If you think about it, the assessment Pessoa makes of politicians is really just an assessment of humans in general. We all live like politicians, trying to craft a story that seems genuine and sincere about our lives and who we are, even if our actions, decisions, and behaviors are partially (or almost completely) self-serving. The politician is just an easy example of how humans behave in ways that appear contradictory. We should recognize that men are not angles, but we are (in most instances) not complete devils either. We have moments of genuine sincerity, but we are also capable of boundless deception. If we are careful and look at the world very clearly, we can see this play out in our politicians and in ourselves.

Our Perceptions of the World

In a diary entry dated 04/08/1931 in Fernando Pessoa’s posthumously published book The Book of Disquiet, Pessoa writes, “For us everything lies in our concept of the world; changing our concept of the world means changing our world, that is, the world itself, since it will never be anything other than how we perceive it.” There are many things in this world that make assumptions about, and we never truly know if our assumptions are correct. But what information we take in, and how we use that information and interpret it, shapes the world we construct and the assumptions we attach to the world.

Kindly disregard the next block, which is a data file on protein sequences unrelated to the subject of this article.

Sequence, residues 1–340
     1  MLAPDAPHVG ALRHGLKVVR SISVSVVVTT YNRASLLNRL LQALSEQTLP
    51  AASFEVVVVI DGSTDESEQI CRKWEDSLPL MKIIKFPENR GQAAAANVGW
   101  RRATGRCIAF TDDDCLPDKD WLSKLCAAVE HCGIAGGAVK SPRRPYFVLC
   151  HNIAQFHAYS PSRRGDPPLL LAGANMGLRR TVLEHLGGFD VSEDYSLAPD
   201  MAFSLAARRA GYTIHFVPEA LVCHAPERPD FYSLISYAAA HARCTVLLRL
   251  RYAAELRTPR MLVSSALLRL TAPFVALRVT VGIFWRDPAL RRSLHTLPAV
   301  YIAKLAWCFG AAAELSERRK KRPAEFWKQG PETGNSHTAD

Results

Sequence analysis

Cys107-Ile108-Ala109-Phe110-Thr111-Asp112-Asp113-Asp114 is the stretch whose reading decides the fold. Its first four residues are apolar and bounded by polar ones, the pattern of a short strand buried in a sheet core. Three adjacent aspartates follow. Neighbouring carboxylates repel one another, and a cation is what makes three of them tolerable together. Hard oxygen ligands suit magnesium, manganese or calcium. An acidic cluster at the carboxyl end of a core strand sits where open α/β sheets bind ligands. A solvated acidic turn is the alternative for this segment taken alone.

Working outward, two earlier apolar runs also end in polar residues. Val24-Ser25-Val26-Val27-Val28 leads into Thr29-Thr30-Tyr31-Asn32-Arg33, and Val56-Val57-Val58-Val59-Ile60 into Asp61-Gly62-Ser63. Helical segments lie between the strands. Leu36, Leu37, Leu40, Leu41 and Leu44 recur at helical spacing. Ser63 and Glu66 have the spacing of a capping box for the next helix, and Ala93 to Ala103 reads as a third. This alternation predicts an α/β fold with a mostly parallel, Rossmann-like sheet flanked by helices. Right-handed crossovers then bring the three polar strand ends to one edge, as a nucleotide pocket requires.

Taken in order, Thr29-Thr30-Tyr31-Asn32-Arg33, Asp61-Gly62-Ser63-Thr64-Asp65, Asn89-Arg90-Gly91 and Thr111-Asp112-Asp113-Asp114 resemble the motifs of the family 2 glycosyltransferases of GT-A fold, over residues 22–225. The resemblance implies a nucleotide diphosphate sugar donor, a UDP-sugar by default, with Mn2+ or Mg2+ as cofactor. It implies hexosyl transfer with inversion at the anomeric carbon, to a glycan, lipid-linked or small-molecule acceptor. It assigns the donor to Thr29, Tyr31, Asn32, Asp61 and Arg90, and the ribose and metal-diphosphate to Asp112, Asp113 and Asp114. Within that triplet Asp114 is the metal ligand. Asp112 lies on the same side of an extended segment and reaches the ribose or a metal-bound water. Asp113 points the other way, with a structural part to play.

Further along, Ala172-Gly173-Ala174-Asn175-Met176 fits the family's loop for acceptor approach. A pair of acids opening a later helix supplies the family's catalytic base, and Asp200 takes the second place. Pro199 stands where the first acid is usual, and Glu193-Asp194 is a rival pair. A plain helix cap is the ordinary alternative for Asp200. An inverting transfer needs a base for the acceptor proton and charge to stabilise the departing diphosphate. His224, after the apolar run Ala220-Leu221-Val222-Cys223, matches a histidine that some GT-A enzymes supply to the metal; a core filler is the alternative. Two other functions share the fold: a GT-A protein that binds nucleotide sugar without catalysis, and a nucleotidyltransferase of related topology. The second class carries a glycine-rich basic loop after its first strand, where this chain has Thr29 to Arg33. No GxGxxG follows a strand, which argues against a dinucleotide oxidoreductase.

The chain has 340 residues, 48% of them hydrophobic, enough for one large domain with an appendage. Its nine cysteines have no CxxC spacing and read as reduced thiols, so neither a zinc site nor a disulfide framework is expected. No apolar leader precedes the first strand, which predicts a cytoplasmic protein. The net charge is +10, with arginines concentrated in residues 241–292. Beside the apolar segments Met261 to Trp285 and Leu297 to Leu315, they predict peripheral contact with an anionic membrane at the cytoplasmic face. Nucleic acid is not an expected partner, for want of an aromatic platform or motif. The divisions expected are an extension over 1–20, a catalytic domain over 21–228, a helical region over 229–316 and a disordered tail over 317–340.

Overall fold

I really like this quote, especially at this time, because I have been thinking about consciousness after having listened to a few podcast episodes from Rob Reid’s show, After On. Reid has had a few guests on his show who have talked about consciousness and the challenges in fully understanding what is happening in our brains. We don’t know exactly where consciousness comes from and whether it is within the brain or something that sits on top of the brain. We don’t know what it is that allows our brain matter and nervous system to become conscious and we don’t know where consciousness stops, whether it ends with dogs and ferrets or if it continues all the way down to bees, ants, or plants.